Planning for prevention
Photo by Casey Impagliazzo October 19, 2017
Campus-wide alcohol and drug abuse coalition convenes to talk strategy
At the University of Delaware, developing students into thriving individuals is a collaborative pursuit extending far beyond classroom walls, with many staff working around the clock in support of Blue Hens’ holistic wellbeing. The campus coalition for alcohol and other drug abuse prevention, colloquially referred to as the alcohol coalition, is one such effort being actively pursued by faculty, staff, community members, and students.
EVERFI, Inc. is the designer of the AlcoholEdu for College course, which is administered at UD through the Division of Student Life’s Student Wellness and Health Promotion. Coalition members met recently with EVERFI’s Kimberley Timpf to review University-specific data and analyze UD student needs in relation to local, national and historical trends.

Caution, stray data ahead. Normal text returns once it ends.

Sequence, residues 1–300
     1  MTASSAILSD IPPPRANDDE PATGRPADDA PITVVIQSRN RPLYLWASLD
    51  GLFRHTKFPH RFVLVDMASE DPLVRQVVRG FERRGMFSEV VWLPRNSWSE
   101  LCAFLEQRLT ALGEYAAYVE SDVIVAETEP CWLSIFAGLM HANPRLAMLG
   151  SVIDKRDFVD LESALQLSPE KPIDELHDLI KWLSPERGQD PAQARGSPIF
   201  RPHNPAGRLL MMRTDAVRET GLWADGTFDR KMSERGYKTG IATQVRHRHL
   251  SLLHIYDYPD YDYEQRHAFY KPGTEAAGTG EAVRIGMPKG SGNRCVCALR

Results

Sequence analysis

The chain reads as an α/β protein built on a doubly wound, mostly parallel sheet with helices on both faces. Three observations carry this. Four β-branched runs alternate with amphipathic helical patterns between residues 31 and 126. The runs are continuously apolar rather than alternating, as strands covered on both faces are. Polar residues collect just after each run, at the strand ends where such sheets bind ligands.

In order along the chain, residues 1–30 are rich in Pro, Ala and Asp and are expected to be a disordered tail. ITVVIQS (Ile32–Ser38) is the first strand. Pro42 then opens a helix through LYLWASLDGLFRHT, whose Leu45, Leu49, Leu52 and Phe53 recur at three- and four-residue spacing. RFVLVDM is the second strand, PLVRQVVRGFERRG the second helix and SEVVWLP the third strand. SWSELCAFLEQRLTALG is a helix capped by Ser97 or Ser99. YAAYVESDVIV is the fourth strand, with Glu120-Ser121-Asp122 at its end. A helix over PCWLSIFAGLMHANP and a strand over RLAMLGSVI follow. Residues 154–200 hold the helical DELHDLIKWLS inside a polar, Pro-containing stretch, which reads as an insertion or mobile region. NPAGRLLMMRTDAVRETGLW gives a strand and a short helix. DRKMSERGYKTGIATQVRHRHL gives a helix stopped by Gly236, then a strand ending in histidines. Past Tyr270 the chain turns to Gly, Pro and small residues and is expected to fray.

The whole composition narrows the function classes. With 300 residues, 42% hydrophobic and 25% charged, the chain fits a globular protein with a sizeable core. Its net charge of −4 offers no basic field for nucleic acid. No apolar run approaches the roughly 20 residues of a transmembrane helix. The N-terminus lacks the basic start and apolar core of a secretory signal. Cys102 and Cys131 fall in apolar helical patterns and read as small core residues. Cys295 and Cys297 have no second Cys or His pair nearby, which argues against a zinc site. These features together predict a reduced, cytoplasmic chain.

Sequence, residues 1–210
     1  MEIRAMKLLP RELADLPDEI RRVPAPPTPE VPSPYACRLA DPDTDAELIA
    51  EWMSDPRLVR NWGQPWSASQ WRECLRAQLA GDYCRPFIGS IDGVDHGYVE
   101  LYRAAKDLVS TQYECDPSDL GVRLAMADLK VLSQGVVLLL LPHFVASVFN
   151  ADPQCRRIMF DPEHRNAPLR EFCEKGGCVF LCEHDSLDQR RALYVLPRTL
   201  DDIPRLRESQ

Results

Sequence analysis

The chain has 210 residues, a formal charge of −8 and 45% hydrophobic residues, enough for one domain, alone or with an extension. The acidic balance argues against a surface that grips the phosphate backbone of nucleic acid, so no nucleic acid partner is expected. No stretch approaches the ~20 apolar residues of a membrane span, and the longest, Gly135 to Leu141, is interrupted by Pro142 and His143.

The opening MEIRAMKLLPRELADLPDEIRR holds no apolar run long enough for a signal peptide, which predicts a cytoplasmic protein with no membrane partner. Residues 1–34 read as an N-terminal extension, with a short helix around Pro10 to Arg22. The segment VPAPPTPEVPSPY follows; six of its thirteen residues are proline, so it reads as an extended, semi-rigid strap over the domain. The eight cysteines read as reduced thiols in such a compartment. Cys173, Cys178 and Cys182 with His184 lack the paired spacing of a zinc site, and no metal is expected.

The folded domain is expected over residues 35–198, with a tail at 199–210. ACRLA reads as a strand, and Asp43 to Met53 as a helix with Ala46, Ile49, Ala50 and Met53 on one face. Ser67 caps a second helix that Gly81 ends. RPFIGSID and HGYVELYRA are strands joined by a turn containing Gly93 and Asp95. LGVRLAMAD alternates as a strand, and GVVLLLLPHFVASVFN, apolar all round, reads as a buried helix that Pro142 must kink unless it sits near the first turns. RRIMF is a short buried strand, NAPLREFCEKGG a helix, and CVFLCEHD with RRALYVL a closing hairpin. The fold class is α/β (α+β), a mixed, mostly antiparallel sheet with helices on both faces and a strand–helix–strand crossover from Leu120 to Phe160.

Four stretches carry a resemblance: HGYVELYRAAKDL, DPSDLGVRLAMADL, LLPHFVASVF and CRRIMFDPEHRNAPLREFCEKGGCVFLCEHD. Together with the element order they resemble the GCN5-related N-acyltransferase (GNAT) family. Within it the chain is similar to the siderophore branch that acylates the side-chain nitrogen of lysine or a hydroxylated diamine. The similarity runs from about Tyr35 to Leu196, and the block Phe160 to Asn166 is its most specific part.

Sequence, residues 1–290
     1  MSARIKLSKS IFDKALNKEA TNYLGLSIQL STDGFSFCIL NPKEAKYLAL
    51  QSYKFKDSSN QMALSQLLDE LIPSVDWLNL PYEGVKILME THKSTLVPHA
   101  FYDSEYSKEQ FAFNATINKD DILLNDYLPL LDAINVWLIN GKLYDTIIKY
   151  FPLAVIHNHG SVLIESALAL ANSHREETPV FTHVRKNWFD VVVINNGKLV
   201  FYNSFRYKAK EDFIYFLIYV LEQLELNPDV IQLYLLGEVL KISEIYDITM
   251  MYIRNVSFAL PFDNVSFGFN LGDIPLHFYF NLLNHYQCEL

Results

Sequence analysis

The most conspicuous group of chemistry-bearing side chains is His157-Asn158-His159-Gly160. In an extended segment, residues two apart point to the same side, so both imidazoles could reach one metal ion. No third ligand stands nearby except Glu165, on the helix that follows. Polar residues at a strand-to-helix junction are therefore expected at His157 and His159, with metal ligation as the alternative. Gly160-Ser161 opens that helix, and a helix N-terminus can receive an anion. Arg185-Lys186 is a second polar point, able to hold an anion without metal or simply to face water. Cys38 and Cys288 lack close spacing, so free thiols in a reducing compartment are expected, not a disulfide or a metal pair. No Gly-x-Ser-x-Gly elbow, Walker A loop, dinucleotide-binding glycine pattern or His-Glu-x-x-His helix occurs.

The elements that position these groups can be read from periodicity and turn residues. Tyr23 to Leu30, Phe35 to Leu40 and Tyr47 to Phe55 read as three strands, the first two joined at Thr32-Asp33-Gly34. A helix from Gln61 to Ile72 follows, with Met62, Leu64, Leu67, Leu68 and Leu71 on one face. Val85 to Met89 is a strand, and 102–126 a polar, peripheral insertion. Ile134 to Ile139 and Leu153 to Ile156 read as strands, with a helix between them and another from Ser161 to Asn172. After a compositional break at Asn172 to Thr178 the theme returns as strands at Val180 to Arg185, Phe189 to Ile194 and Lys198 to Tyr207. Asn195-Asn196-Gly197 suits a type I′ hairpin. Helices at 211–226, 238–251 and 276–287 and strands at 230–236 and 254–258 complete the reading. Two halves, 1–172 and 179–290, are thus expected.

“If a campus is safe for students in recovery [from alcohol or drug abuse], then it’s safe for all students,” Timpf said in her opening remarks. “Ultimately, our aim is to prevent problems from happening by getting to them before they start.”
AlcoholEdu for College is required for all first-time UD students under the age of 26 at the time of admission, including incoming undergraduates, transfers, graduate students, continuing education and certificate students, and students enrolling in the Associate in Arts Program. Through AlcoholEdu, participants learn about risk avoidance and can opt into later communications from other UD students and departments who strive to support healthier lifestyle goals.